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Palo Alto Networks Unit 42: Molerats targeted eight organizations in six different countries in the government, tlc, insurance and retail sectors with Spark backdoor. The malware, a backdoor, has been spread trough a spear-phishing campaign
Molerats hackers targeted eight organizations in six different countries in the government, tlc, insurance and retail sectors with Spark backdoor. It has been discovered by Palo Alto Networks Unit 42 cyber security experts. The researchers, between October 2019 and December 2019, observed multiple instances of phishing attacks likely related to the cyber espionage group known also as Gaza Hackers Team and Gaza Cybergang. All involved spear-phishing emails to deliver malicious documents that required the recipient to carry out some action. Social engineering techniques included lure images attempting to trick the user into enabling content to run a macro and document contents that threaten to release compromising pictures to the media to coerce the user into clicking a link to download a malware. The payload in a majority of these attacks was a backdoor called Spark, that allows to open applications and run command line commands on the compromised system.
The cyber security experts: Molerats used Spark at least since 2017. The cyber espionage group has been in operation as far back as 2011 targeting government organizations around the world, largely been associated with attacks involving unauthorized access and sensitive data collection
According to the cyber security experts, the Spark backdoor has been used by Molerats since at least 2017 and is associated with Operation Parliament campaign, attributed to Gaza Cybergang. The malware delivered in one of the attacks appears to be related to JhoneRAT, which may suggest the threat group has added another custom payload to their toolset. The cyber espionage group has been in operation as far back as 2011 targeting government organizations around the world, largely been associated with attacks involving unauthorized access and sensitive data collection. The malicious hackers have been observed using a bevy of tactics and techniques, ranging from leveraging publicly available backdoor tools, such as PoisonIvy or XtremeRAT, to creating custom developed ones such as KASPERAGENT and MICROPSIA. In the last campaign, they primarily relied on social engineering and spear-phishing techniques for their initial infection vector, then multi-stage C2 servers for malware delivery.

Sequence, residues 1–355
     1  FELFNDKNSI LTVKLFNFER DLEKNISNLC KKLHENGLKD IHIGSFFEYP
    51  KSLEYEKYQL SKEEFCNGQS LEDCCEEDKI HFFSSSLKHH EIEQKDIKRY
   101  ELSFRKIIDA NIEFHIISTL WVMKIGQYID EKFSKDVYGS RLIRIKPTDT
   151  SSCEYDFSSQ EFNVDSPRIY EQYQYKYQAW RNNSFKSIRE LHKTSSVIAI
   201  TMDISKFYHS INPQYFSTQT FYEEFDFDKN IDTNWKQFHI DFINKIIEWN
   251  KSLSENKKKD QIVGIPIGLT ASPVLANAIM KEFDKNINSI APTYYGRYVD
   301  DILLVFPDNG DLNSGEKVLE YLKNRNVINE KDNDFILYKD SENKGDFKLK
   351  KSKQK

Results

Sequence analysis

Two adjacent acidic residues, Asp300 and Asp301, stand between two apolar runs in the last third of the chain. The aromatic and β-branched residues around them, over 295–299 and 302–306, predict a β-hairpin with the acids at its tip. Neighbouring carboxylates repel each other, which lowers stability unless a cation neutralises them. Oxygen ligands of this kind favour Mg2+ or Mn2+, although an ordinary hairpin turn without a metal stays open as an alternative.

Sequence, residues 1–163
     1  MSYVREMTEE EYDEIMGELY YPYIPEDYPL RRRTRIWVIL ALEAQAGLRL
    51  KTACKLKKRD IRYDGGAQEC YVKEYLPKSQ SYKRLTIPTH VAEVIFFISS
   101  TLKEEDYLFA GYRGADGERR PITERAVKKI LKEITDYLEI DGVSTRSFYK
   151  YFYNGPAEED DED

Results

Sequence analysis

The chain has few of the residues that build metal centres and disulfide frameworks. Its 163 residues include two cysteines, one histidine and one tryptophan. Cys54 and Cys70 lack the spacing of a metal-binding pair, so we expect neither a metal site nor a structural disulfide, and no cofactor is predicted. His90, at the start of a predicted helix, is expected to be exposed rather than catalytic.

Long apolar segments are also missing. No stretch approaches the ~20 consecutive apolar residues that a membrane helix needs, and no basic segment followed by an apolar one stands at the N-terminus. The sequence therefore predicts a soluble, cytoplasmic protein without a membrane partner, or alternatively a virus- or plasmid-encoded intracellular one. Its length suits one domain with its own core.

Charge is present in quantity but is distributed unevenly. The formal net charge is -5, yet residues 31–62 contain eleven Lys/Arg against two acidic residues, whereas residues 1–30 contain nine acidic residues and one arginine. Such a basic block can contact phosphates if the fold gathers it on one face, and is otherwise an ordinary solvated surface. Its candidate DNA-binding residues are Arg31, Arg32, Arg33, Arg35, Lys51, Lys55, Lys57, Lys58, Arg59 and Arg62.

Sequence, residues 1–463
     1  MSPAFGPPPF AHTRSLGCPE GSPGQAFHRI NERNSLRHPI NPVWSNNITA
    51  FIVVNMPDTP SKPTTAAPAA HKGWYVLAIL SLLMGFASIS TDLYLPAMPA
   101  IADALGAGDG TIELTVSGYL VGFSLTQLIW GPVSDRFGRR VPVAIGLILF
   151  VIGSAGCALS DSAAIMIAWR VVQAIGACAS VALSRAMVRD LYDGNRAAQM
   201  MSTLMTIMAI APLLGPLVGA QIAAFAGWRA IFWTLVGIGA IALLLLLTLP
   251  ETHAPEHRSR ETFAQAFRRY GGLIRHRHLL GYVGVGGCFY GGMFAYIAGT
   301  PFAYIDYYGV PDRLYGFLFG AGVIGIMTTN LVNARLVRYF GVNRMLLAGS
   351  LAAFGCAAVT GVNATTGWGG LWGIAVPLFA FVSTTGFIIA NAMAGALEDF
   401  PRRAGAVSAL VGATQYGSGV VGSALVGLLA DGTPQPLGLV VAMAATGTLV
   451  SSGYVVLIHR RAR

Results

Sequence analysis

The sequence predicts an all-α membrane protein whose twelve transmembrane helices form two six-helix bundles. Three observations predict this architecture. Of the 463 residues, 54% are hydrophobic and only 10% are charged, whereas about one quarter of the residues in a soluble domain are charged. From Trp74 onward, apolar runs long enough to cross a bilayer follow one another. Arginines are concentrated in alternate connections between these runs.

The group (aka Gaza Hackers Team and Gaza Cybergang) used a ariety of techniques to make detection and analysis difficult
Unit 42 underlined that Molerats used a variety of techniques to make detection and analysis difficult, such as password-protecting delivery documents, limiting the execution of the Spark payload to only run on systems with an Arabic keyboard and locale and the use of the commercial packer Enigma to obfuscate the payloads. The Spark C2 channel also attempts to evade detection, as the data in the HTTP POST requests and responses is encrypted using either 3DES or AES with randomly generated keys that appear to be unique for each payload.